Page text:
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Suicidality & Eating Disorders Among LGBTQ Youth 2018: A US Study

A new national survey of LGBTQ youth found that a majority of those surveyed have been diagnosed with an eating disorder. Even more shocking, half of the LGBTQ youth surveyed who have not been diagnosed suspect they have an eating disorder.

The disturbing results were part of a new national survey, designed to better understand how LGBTQ youth are affected by eating disorders, and was conducted by The Trevor Project, the National Eating Disorders Association (NEDA)  and Reasons Eating Disorder Center. The results were released in conjunction with National Eating Disorders Association Awareness Week, held this year between Feb. 26 and March 4 with the theme “Let’s Get Real.”

The results illustrate the need for increased support for this community. Of the LGBTQ youth surveyed, 54% of the participants indicated that they had already been diagnosed with an eating disorder. Of those diagnosed with an eating disorder, 88% have considered suicide.

“We were stunned by these results,” said Amit Paley, The Trevor Project’s CEO and Executive Director. “We need to do far more to help the alarming number of LGBTQ youth living with eating disorders and struggling with thoughts of suicide. We are grateful to partner with NEDA and Reasons Eating Disorder Center to shed light on this public health crisis and help save more LGBTQ lives.”

“We are honored to partner with the Trevor Project on this critical survey,” said Claire Mysko, CEO of NEDA. “The results make it clear that troubling numbers of LGBTQ youth are affected by eating disorders and self-harm. Together, we are working to raise awareness and put life-saving resources into the hands of those in need. It's time to get real about these issues and ensure that everyone has access to the support they deserve.”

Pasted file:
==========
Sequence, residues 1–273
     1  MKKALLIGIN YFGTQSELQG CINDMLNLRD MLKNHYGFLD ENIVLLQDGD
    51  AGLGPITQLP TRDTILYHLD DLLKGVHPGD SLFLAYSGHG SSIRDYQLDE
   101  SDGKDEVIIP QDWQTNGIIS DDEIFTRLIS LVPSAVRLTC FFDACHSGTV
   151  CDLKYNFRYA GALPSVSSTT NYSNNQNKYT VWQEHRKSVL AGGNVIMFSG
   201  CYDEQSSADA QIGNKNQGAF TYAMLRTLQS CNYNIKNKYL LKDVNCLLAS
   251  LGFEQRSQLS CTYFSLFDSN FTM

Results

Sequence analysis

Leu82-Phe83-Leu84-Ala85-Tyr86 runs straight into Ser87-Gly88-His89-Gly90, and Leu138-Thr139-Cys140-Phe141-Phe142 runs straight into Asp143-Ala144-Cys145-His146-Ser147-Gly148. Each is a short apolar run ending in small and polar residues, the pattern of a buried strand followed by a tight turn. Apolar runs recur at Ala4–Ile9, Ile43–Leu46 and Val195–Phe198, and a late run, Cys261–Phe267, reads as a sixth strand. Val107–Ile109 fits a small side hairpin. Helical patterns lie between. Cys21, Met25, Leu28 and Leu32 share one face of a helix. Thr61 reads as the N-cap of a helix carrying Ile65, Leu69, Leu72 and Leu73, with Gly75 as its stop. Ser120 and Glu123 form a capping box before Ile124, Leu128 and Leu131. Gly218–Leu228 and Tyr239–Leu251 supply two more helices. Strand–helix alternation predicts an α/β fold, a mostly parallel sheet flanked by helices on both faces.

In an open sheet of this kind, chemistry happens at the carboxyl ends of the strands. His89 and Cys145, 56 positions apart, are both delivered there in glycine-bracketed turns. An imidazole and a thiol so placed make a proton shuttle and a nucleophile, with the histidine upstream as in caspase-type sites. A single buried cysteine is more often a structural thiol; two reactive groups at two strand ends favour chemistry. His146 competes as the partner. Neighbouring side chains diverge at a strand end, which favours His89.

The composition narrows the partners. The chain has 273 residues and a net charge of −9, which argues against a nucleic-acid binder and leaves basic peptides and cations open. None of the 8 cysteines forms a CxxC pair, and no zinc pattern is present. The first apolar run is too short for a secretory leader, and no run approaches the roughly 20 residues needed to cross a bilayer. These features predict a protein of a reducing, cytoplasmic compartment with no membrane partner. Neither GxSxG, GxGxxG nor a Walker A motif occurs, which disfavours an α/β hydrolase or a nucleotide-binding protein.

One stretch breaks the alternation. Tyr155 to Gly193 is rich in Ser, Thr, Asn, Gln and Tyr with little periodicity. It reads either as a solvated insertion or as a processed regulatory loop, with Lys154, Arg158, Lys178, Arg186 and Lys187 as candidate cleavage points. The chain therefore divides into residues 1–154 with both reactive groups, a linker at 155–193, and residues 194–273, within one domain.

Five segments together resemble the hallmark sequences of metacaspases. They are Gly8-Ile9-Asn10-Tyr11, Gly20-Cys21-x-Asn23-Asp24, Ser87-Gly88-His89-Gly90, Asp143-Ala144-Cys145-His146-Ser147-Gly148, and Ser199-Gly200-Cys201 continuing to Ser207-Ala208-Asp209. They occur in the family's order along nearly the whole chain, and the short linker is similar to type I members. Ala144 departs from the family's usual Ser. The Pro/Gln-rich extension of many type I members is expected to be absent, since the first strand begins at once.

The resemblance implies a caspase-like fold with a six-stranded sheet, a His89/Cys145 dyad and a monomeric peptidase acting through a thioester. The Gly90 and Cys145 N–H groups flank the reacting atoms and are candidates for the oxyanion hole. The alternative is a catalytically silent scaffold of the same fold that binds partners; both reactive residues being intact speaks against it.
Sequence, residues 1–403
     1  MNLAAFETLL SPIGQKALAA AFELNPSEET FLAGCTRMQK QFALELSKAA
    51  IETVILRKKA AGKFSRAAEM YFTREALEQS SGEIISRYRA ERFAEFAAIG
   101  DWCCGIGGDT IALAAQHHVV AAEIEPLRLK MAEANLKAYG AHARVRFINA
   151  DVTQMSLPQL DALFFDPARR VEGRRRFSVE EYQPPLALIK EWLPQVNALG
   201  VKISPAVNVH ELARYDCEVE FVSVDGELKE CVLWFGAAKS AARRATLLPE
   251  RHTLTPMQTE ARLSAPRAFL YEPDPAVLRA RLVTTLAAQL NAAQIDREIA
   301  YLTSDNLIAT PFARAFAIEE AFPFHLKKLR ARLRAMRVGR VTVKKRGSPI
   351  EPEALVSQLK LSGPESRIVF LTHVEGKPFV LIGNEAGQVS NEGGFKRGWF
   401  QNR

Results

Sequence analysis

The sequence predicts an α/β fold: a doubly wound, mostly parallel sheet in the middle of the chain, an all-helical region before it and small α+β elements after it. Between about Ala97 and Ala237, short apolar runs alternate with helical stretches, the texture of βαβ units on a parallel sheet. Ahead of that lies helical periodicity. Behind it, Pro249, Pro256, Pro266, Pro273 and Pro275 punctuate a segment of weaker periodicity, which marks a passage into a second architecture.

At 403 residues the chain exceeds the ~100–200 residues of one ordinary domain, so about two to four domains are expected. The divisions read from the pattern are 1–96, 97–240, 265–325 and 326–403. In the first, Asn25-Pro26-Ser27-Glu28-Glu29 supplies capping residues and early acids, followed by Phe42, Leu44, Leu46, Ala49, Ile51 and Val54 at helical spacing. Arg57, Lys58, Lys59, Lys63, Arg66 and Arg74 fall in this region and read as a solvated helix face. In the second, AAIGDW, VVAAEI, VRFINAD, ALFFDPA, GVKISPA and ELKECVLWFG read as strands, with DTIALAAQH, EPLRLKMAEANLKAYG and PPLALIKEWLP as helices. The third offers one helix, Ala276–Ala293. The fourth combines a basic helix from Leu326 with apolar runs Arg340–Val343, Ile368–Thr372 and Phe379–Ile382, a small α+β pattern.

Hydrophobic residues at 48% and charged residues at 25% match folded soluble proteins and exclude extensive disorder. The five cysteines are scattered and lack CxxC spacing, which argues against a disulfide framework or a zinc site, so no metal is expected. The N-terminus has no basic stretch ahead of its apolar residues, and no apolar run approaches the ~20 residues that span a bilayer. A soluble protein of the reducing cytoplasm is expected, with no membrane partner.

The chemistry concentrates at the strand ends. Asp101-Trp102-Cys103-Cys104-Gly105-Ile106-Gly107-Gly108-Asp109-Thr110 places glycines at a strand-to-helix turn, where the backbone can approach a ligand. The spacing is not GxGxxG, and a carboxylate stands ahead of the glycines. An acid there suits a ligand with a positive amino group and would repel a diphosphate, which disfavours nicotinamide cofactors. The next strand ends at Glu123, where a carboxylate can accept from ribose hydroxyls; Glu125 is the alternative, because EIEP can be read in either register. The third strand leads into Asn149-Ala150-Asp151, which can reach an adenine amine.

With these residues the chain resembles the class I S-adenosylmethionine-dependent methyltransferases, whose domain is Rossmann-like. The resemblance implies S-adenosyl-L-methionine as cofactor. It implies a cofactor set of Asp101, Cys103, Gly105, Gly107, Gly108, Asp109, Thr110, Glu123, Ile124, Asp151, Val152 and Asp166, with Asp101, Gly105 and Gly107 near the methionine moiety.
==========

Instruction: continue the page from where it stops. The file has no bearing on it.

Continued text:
The first-of-its-kind survey includes a sample of 1,305 self-identified LGBTQ youth ages 13 to 24 from across the country. The report shows:

  • 54% of LGBTQ youth respondents reported having been diagnosed with an eating disorder compared to 5% of the heterosexual peers.
  • Trans youth who identify as straight are the most at risk, with 71% of those having been diagnosed with an eating disorder, anorexia being the most common.

There is a dangerous overlap in the consideration of suicide and eating disorders, with 58% of LGBTQ youth respondents who have been diagnosed with an eating disorder having considered suicide.
Stigma and stereotypes, especially amongst LGBTQ youth, make this a hard issue for some to talk about and seek help for. The goal of NEDAwareness Week 2018 is to bust myths, elevate marginalized voices, and reach those in need with appropriate support and resources.